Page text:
New Zealand consumers can expect higher prices in the coming months as cost pressures ramp up across the country, ASB's chief economist says.
The bank has predicted growing wage and cost pressures will drive the Consumer Price Index (CPI) higher, and "these are expected to be passed on to consumers".
"Easing in restrictions and strengthening demand is pushing up global prices for most commodities," the bank said in its latest Quarterly Economic forecast released on Thursday.
"Global shipping demand is surging, pushing up freight costs given constrained supply.
"Ships are travelling off schedule and sometimes bypassing NZ given its isolation."
ASB chief economist Nick Tuffley said these aspects will be some of the key challenges New Zealand will face this year.
But the good news is spending in most retail sectors is back to pre-COVID levels, the report says.
"The opening of the trans-Tasman bubble means there is some good news on the horizon for the tourism and hospitality sector," Tuffley said in a statement. "While interest has been light so far, there are reports of increased interest from Australians to visit NZ during the winter - and the ski season in particular."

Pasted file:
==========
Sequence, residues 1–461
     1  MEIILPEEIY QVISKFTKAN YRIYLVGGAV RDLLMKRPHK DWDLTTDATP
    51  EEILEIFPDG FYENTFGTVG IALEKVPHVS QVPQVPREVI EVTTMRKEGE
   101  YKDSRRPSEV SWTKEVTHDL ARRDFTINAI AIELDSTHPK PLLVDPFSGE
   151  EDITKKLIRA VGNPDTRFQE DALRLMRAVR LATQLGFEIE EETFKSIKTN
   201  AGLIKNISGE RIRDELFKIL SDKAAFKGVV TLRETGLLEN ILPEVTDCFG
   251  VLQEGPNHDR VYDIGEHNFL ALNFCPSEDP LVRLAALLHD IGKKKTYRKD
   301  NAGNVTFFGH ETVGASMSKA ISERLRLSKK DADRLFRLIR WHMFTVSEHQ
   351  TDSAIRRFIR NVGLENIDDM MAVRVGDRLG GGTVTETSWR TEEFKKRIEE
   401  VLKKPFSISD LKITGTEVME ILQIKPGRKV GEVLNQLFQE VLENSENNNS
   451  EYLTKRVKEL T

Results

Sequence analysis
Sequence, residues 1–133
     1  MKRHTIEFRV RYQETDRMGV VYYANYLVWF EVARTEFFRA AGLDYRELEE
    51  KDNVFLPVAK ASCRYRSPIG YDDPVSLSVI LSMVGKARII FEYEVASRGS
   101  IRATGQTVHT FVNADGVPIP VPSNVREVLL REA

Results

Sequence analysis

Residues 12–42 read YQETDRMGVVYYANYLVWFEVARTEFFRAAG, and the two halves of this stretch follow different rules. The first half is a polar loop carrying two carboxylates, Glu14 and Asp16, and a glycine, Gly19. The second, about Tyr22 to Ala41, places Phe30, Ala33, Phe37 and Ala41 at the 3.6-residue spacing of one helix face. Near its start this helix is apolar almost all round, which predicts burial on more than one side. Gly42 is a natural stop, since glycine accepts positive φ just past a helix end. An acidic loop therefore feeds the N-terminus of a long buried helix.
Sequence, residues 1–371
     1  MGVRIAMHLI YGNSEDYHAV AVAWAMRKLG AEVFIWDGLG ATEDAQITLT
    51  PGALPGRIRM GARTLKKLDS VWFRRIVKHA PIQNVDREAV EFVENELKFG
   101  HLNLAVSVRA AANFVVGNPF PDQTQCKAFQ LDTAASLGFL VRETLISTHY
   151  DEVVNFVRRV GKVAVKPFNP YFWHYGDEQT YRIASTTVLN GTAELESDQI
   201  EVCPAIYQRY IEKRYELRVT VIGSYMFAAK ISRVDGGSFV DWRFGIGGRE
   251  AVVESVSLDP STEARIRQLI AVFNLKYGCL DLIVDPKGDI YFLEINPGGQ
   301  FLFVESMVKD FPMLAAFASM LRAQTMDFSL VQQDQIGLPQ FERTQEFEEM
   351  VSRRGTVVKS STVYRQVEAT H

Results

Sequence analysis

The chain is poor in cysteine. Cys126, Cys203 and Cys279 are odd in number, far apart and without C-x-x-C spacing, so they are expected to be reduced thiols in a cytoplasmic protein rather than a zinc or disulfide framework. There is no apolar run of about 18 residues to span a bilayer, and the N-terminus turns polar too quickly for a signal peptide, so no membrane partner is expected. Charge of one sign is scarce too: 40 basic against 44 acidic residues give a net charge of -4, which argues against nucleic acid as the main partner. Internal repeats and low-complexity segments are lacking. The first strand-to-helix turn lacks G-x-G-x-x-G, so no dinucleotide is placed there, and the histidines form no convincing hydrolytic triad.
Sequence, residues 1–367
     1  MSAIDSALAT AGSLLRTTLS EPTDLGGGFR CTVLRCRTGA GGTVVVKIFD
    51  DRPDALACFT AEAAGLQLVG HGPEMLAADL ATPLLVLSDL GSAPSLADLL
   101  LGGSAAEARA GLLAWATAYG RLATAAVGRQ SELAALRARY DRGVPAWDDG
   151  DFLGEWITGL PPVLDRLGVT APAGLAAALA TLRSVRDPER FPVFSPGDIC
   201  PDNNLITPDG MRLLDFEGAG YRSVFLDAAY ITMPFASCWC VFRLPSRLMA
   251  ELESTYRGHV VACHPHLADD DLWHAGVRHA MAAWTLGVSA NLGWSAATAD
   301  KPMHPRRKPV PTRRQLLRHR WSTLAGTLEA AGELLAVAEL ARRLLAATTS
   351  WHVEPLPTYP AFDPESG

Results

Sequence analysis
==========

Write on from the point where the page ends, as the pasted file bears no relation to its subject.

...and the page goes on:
Last May, Treasury predicted unemployment to rise to 9.8 percent. It only peaked at 5.2 percent - and it's expected to fall during this year.
"The New Zealand economy did well in the second half of last year - there are some really, really good signs in our economy," Finance Minister Grant Robertson said in February.
A lift in the official cash rate (OCR) - which has been at a record low for the past 12 months - is expected from the Reserve Bank in May 2022, ASB predicts.
"Overall, New Zealand has weathered the COVID-19 pandemic relatively well, and its economy has outperformed many of our main trading partners," Tuffley said.
Last month, economist Cameron Bagrie said to keep inflation in check, the Reserve Bank will need to start thinking about the OCR again.
"They'll want to be pretty patient, but slowly but surely all the pieces are falling into place for interest rates to move up at some stage down the track," he told The AM Show.